Technology, Thoughts & Trinkets

Touring the digital through type

Deep Packet Inspection and the Confluence of Privacy Regimes

insiderouterI learned today that I was successful in winning a Social Sciences and Human Research Council (SSHRC) award. (Edit September 2009: I’ve been upgraded to a Joseph Armand Bombardier Canada Graduate Scholarship). Given how difficult I found it to find successful research statements (save for through personal contacts) I wanted to post my own statement for others to look at (as well as download if they so choose). Since writing the below statement, some of my thoughts on DPI have become more nuanced, and I’ll be interested in reflecting on how ethics might relate to surveillance/privacy practices. Comments and ideas are, of course, welcomed.

Interrogating Internet Service Provider Surveillance:
Deep Packet Inspection and the Confluence of International Privacy Regimes

Context and Research Question

Internet Service Providers (ISPs) are ideally situated to survey data traffic because all traffic to and from the Internet must pass through their networks. Using sophisticated data traffic monitoring technologies, these companies investigate and capture the content of unencrypted digital communications (e.g. MSN messages and e-mail). Despite their role as the digital era’s gatekeepers, very little work has been done in the social sciences to examine the relationship between the surveillance technologies that ISPs use to survey data flows and the regional privacy regulations that adjudicate permissible degrees of ISP surveillance. With my seven years of employment in the field of Information Technology (the last several in network operations), and my strong background in conceptions of privacy and their empirical realization from my master’s degree in philosophy and current doctoral work in political science, I am unusually well-suited suited to investigate this relationship. I will bring this background to bear when answering the following interlinked questions in my dissertation: What are the modes and conditions of ISP surveillance in the privacy regimes of Canada, the US, and European Union (EU)? Do common policy structures across these privacy regimes engender common realizations of ISP surveillance techniques and practices, or do regional privacy regulations pertaining to DPI technologies preclude any such harmonization?

Thesis – Literature

Given ISPs’ role in governing data networks, it is crucial to interrogate the methods and technologies they utilize to survey traffic flowing through their networks. Data sent on the Internet is separated into discrete packets that are shuttled to the message’s recipients and then reassembled at their destination. ISPs presently use Deep Packet Inspection (DPI) technologies to investigate each packet that enters and leaves their networks. These technologies effectively let ISPs open sealed letters (the packets), read their contents (the packets’ payload/message), reseal the letters, and then pass them to the recipients, so long as the contents are deemed ‘acceptable’ by ISPs’ evaluation heuristics.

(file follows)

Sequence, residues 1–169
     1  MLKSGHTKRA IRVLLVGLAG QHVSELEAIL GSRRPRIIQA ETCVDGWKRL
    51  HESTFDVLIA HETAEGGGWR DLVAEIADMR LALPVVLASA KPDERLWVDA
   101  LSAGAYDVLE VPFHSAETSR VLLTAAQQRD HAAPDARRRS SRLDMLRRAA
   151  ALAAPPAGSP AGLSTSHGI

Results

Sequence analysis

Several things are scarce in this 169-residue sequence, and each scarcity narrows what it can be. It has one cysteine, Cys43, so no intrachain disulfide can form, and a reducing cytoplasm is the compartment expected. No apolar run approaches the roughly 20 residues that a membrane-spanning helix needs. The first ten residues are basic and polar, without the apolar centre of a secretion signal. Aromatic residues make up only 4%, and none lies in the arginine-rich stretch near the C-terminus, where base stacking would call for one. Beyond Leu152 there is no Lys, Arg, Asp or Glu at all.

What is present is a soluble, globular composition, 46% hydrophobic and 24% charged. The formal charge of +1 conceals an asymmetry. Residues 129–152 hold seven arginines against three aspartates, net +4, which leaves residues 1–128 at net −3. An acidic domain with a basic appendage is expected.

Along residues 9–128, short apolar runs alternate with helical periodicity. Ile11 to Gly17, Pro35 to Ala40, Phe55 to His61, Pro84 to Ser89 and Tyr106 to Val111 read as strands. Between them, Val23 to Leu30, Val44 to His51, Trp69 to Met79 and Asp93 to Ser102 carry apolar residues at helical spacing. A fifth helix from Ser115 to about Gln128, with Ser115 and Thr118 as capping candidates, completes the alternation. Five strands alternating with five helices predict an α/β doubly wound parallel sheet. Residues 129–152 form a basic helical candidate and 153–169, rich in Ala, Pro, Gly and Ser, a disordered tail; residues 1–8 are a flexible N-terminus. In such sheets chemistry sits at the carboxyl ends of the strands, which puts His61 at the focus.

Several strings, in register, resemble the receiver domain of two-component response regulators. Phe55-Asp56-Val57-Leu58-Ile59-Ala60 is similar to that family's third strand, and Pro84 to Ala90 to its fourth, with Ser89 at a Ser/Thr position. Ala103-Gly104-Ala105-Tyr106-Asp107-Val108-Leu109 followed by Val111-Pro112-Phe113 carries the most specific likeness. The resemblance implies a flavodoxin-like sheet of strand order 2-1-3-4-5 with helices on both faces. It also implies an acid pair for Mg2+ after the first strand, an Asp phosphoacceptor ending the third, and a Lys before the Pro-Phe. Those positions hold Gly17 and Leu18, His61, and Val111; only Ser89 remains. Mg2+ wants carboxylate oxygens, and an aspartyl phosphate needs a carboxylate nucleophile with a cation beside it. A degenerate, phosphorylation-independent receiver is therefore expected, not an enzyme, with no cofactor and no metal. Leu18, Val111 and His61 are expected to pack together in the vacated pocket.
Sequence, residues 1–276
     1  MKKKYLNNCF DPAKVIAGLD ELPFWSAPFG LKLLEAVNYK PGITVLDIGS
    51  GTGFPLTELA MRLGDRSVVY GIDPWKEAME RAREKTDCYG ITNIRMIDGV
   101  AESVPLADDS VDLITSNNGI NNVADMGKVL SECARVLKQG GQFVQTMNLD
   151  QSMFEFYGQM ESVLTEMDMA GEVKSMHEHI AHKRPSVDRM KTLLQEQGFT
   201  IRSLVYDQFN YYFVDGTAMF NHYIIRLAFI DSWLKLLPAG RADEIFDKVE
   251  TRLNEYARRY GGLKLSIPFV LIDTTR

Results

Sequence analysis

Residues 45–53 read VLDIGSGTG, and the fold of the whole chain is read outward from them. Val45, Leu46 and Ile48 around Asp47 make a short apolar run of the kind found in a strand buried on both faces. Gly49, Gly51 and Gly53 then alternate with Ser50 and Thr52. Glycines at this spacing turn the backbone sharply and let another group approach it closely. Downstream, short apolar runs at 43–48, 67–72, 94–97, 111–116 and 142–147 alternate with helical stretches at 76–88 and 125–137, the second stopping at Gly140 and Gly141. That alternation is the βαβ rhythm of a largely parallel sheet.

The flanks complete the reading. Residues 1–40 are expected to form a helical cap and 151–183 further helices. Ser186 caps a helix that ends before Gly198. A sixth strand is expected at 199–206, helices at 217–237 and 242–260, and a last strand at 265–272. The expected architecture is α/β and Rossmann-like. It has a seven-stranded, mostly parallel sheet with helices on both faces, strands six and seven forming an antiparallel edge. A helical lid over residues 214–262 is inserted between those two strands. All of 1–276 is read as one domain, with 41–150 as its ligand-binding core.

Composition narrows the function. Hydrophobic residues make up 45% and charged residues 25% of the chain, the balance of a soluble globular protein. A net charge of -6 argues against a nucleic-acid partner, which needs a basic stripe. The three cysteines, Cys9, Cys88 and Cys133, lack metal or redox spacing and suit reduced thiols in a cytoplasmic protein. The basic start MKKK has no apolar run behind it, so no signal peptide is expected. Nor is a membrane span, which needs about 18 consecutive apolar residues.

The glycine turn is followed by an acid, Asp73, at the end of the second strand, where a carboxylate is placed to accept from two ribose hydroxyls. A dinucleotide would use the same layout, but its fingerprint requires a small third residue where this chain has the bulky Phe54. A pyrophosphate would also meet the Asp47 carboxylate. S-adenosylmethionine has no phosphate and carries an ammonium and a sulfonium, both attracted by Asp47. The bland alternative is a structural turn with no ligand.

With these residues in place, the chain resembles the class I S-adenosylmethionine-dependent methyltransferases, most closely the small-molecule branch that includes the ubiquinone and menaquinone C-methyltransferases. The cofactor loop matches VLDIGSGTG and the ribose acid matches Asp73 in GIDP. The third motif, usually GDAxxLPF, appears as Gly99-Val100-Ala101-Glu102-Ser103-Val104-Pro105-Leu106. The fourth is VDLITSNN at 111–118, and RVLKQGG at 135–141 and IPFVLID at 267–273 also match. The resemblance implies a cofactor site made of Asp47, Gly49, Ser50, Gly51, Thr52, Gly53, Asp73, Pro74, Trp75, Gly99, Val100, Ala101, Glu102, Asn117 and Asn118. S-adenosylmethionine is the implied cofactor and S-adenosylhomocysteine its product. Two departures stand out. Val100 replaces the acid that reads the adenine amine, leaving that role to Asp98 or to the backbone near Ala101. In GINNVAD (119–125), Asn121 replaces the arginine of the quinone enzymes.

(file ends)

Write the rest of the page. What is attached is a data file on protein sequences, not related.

ISPs operate in various privacy regimes. Each regime (e.g. Canada, America, EU) has a unique legal and technological discourse, and a particular conception of the complexity, dynamic, and diversity of processing personal data (Bennett and Raab 2006). Accompanying these regimes are divergent understandings of permissible and impermissible degrees of surveillance, and Diebert et al. (2008) have shown that state-mandates impact ISPs’ content filtering practices. Diebert et al. (2008) do not, however, address the expansive surveillance possibilities of DPI, instead limiting their work to (relatively) archaic methods of monitoring and blocking Internet content. Moreover, while some scholars address facets of privacy and surveillance regulation pertaining to digital networks (Haggerty 2006, Lace 2005, Lyon 2007, Solove 2004, 2008), they focus on theoretical abstractions and digital environments, such social networking sites, without examining the surveillance capabilities of ISPs themselves.

Much of the empirical work pertaining to ISPs and data surveillance has surveyed people’s perceptions of surveillance and privacy. These surveys have concluded that people do not want their online activities tracked and conversations monitored (Pew Internet and American Life Project 2000), do not trust businesses to handle their personal information (Harris Interactive 2002), and that respondents generally perceive their privacy as ‘very important’ (EPIC 2005). These indicate what people think about surreptitious surveillance without investigating how ISPs inspect individuals’ data traffic. Recent articles interrogating DPI technologies and data traffic (Anderson 2008, Clayton et al. 2008, Rossenhovel 2008, Topolski 2008) have focused on overviews of DPI technologies, neglecting the particular privacy regimes these technologies function in. While some work exists that concerns the abstract regulation of digital system (Lessig 2004, Gallowway and Thacker 2008, Ohm 2008) it does not consider the specific regulatory situations in Canada, America, or the EU, nor does it reflect on the roles of various policy agents and their capacity to impact privacy and surveillance regulations in these privacy regimes.